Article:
the show itself was very high energy...

OK, now I'm not sure if this is the exact set list.  I forgot to take
paper.  This is off of the SP site and I'm just going to try to remember
where the extra songs were.

     I'm A Man
     Roll With It--I don't like the backup singers on this song.  I don't
like the parts where Steve drops out and they come in.
     Freedom Overspill
     While You See A Chance--The opening guitar solo was amazing!
     Angel Of Mercy
     Spy In The House Of Love
     Let Your Love Come Down
     Gotta Get Back To My Baby
     Plenty Lovin'--I still hate this song...I don't even like it with the
backup singer replacing Des'ree.
     Can't Find My Way Home--Got a wonderful audience reaction...standing
     Low Spark Of High-Heeled Boys--amazing.  Right as the song started up,
all you could hear was the audience go "Low Spark!"  I didn't time it, but I
was told it was 19 minutes long.
     Glad (with Latin jam)--the audience really liked this one also.
(Notice!  No Valerie!!  I was disappointed, but that's just because the song
holds special meaning for me.)
     Family Affair--this is where the fun started for me (yes, there's a
little sarcasm there, but I'll get to that later)  It still sounded good.
     Just Wanna Have Some Fun (with band intro)---Um, he needs to find
another way to introduce the band...I couldn't hear one word he was saying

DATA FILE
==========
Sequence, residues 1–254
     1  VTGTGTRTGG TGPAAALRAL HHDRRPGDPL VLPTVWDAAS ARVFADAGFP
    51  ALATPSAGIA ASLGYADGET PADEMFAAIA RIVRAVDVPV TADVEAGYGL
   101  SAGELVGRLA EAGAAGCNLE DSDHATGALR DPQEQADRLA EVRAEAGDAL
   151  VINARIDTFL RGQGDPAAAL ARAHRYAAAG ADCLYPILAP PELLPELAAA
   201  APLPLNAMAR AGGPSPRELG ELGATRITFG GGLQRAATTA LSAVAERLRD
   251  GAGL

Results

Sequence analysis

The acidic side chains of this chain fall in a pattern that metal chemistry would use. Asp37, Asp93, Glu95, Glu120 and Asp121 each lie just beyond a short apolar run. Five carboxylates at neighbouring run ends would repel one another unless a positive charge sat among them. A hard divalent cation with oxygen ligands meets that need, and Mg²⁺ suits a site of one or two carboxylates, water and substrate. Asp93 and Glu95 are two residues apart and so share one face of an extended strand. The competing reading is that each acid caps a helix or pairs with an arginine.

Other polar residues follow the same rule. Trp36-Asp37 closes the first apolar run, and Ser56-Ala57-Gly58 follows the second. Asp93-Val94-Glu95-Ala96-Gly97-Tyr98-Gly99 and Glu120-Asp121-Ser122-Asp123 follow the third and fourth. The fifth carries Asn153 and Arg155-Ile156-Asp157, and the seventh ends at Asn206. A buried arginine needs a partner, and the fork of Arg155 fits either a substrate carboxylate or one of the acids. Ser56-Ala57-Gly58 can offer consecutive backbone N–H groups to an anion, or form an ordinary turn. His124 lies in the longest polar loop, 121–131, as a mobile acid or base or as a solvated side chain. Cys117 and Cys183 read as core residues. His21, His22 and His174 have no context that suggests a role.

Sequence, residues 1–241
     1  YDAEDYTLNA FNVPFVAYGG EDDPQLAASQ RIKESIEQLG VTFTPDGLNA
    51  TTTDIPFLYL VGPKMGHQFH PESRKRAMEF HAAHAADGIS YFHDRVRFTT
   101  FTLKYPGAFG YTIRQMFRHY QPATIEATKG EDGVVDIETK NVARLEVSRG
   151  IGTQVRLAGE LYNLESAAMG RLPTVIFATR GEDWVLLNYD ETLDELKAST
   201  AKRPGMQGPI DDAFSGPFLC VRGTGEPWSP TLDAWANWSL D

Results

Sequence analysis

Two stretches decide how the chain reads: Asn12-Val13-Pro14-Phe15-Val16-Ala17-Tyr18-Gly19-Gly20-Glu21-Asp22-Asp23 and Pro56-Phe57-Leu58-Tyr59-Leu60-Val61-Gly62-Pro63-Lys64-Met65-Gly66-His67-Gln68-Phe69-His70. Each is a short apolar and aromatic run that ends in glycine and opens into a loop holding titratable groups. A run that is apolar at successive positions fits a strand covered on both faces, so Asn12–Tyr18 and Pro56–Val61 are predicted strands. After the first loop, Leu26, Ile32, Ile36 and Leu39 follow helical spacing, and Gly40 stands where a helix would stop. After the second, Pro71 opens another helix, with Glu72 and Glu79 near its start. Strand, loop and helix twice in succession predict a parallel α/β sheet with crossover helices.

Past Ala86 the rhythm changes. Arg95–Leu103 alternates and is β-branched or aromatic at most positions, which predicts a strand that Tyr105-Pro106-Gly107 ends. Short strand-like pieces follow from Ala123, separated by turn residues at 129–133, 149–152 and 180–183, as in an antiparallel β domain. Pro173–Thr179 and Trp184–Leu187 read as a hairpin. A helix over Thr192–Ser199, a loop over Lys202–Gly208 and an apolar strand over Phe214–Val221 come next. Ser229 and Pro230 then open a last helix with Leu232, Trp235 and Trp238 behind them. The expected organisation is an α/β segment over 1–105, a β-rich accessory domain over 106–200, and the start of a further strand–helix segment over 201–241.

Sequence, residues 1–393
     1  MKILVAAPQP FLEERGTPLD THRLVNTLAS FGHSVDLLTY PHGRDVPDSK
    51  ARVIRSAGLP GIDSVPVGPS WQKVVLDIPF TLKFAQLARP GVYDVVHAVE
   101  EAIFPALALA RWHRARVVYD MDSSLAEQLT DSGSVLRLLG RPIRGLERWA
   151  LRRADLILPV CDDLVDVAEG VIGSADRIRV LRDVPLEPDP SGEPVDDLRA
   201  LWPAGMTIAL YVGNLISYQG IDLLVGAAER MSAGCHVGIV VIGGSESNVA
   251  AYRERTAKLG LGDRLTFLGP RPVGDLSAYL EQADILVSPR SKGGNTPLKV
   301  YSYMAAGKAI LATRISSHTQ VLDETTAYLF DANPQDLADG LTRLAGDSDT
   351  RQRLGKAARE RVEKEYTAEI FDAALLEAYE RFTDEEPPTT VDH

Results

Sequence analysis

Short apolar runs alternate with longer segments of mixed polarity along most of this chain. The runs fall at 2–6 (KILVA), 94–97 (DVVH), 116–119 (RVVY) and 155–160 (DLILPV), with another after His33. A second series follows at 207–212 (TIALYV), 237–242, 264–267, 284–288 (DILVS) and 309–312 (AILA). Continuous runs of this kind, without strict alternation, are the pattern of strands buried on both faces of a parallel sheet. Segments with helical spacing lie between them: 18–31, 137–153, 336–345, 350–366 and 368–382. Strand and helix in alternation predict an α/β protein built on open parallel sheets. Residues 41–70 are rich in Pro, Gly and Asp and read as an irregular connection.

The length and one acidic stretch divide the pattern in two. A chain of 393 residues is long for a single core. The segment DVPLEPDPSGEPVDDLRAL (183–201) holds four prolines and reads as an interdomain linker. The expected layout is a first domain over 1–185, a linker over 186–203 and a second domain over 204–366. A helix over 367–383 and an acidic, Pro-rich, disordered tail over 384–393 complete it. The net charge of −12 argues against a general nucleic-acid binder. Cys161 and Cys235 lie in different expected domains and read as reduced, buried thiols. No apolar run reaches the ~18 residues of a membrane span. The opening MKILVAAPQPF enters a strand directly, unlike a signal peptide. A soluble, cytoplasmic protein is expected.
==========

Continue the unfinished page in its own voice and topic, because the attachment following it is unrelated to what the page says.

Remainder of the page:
over the back up singers.  The backup singers hand movements have become a
running joke. :-)
     Higher Love
     Back In The High Life Again
     Gimme Some Lovin'               these last two had the entire audience
up on their feet (the only time during the entire show.)

     Also, somewhere in there, he played a nice, tender version of "The Finer
Things" and an OK version of "Don't You Know What The Night Can Do?"  I
wasn't too impressed with that one...but it wasn't bad.  (I think he played
those between Glad and Family Affair, but I'm not really sure.)

     (Shawn, from Chicago, if you're reading this e-mail me!  I sat down the
row from you for awhile...I was a few seats down from Steve, whom you talked
to for awhile.  I'd love to get the set list from you!  Thanks!)

     The review in the KC Star was excellent!  Much better than the Traffic
review a few years ago.  (The headline then was "This Traffic still can't
jam."  This time it was "Winwood serves up golden nuggets from his long
career.")  But, they said that he switched to guitar for "It's All On You."  Now,
I'm assuming that this is "While You See A Chance"...any other ideas??

     OK, now I'm going to say something that you may agree with, you may not,
but it angered me, so I'm going to post it and see what the reaction is, if
     Now as I've already said, this audience was pathetic!  Most of them sat
the entire time, ok?  One woman stood up and danced during "Roll With It"
An usher went and told her to sit down.  And that's just the beginning.
     I went to the concert with my mother and some other people, who don't
come into play here.  Now, my mom and I both LOVE Steve and we were dying
to stand up and dance the entire show.  But, we didn't for the most part.  There
were a lot of songs we would have loved to dance through, but we controlled